US rejects Straw's attempt to ease tension over China arms embargo
By Stephen Fidler in London and Daniel Dombey in Brussels
Efforts by Jack Straw, foreign secretary, to play down transatlantic tensions over European Union plans to lift an arms embargo on China were called into question yesterday as a senior US official rejected his suggestion that Washington misunderstood the proposal.
The official said the EU was underestimating the strength of feeling in Washington over arms sales to Beijing. "A failure to understand the significance of this issue is going to result in major problems for transatlantic arms procurement," he warned.
Washington's concerns, felt most strongly in the defence department and among conservatives in Congress, are that increased European arms sales could help China in a possible future confrontation with the US over Taiwan.
European officials hope that Washington's opposition will be softened by changes within the new Bush administration, including the imminent departure of hawk John Bolton as US undersecretary of state for arms control.
The US official responded vigorously to the suggestion by Mr Straw in a Financial Times interview, that lifting the embargo was largely a "presentational problem" with Washington. Mr Straw told a UK parliamentary committee last week that many US objections were based on a "lack of information and understanding" about the controls that would replace the embargo.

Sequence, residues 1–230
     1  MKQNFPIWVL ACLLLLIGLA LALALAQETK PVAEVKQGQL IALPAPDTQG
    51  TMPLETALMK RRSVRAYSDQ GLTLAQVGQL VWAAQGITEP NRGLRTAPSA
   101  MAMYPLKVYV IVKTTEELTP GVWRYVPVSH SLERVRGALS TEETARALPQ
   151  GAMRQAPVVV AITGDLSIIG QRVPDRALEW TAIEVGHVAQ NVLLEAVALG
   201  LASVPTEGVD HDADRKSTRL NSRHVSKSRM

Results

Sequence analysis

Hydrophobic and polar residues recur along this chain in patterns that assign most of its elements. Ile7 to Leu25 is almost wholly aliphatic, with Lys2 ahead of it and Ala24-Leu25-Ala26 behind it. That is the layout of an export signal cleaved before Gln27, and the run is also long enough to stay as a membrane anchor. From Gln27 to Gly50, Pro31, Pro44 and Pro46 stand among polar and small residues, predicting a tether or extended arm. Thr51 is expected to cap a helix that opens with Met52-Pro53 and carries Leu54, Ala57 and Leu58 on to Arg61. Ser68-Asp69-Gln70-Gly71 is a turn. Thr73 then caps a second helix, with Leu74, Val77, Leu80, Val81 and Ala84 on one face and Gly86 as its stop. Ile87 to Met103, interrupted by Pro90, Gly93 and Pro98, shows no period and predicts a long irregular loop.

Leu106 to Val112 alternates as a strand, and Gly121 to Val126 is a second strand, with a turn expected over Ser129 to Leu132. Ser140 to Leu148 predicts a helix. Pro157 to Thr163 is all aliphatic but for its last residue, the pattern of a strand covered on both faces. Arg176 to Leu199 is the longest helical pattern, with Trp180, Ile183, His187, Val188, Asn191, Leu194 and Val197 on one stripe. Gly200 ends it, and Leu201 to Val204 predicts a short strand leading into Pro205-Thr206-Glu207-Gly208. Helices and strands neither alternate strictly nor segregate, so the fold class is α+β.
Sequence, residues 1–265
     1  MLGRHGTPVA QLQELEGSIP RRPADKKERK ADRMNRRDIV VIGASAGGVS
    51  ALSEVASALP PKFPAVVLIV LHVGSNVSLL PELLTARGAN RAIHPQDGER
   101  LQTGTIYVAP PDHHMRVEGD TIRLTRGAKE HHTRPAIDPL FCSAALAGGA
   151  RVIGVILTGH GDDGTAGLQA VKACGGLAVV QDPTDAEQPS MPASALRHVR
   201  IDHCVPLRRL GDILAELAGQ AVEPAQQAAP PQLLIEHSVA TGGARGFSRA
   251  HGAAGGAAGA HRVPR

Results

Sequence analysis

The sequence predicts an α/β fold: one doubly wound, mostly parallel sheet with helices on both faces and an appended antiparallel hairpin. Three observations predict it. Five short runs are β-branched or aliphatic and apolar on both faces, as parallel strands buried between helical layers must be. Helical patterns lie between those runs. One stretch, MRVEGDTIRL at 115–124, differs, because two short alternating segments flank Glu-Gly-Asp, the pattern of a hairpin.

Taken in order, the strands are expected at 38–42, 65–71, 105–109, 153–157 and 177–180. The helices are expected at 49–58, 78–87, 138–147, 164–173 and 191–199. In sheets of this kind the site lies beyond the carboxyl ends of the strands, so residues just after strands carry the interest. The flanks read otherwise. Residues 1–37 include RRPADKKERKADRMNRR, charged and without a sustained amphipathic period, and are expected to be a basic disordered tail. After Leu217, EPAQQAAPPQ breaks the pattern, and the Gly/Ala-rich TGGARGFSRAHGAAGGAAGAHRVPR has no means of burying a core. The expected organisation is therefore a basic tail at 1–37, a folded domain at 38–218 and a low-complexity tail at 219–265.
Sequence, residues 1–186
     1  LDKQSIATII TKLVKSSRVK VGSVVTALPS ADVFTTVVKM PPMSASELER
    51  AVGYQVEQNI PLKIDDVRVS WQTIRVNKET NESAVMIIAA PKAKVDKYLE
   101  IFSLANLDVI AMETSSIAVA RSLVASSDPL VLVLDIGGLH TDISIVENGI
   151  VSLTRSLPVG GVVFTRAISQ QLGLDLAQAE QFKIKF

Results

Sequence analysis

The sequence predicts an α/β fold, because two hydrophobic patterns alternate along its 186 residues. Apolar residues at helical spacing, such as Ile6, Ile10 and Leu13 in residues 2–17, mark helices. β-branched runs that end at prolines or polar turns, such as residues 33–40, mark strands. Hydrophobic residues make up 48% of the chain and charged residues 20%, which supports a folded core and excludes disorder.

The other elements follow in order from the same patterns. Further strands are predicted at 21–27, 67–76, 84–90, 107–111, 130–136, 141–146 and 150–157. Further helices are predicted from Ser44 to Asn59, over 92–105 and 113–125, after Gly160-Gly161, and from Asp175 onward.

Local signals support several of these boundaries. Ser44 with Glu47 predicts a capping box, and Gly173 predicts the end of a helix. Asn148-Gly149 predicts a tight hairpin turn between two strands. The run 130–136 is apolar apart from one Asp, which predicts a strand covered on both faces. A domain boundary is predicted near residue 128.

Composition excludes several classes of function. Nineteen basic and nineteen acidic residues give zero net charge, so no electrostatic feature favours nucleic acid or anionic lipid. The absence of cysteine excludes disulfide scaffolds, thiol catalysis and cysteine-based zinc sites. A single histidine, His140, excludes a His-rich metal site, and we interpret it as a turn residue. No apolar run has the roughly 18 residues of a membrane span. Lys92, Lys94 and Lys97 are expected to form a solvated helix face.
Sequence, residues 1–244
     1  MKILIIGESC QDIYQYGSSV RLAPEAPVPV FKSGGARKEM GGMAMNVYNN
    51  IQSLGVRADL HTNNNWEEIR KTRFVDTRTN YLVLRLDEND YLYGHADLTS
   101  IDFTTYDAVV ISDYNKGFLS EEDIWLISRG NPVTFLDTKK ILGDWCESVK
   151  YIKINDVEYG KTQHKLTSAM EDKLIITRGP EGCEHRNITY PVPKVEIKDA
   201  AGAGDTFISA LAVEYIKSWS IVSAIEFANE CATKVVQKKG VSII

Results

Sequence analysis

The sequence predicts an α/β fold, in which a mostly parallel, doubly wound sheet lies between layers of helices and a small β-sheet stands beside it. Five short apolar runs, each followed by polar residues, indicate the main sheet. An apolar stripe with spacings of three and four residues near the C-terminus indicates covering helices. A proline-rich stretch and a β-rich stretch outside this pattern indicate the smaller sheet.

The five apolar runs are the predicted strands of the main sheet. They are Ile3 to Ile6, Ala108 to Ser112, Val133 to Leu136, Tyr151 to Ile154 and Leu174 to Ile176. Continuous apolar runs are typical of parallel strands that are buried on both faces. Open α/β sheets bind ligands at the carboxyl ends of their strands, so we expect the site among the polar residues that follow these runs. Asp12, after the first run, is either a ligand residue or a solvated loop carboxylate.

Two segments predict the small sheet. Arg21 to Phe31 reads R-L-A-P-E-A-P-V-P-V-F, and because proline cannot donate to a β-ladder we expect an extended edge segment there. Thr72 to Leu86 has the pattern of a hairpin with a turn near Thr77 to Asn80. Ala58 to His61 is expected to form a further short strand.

"We understand exactly how the various EU policies work and Straw repeatedly saying we don't understand is not helpful," the US official said. The embargo will be replaced by a strengthened code of conduct applying to all EU arms exports along with other special measures. The US official condemned the replacement regime as vague, saying it did not take into account the effect that sales of arms would have on the strategic position in the Taiwan Strait.
"The code of conduct [and the additional measures] do not address our strategic concerns. There is not a thing in there that deals with the supply of command and control equipment - the sort of things we are worried about," the official said. "The EU approach as reflected by France and by Straw does not bring with it a strategic analysis."
The official said it would be a mistake to move ahead with a decision on the embargo before President George W. Bush's trip to Europe next month.
Mr Straw said the replacement regime would be "stronger than the embargo because it has . . . force of law and we are going to strengthen it by ensuring that there is transparency among EU partners not just on denials but also approvals".
But European diplomats said the internal EU debate had not resolved the question of whether lifting the embargo should make it easier to sell arms to Beijing or would be a largely symbolic step.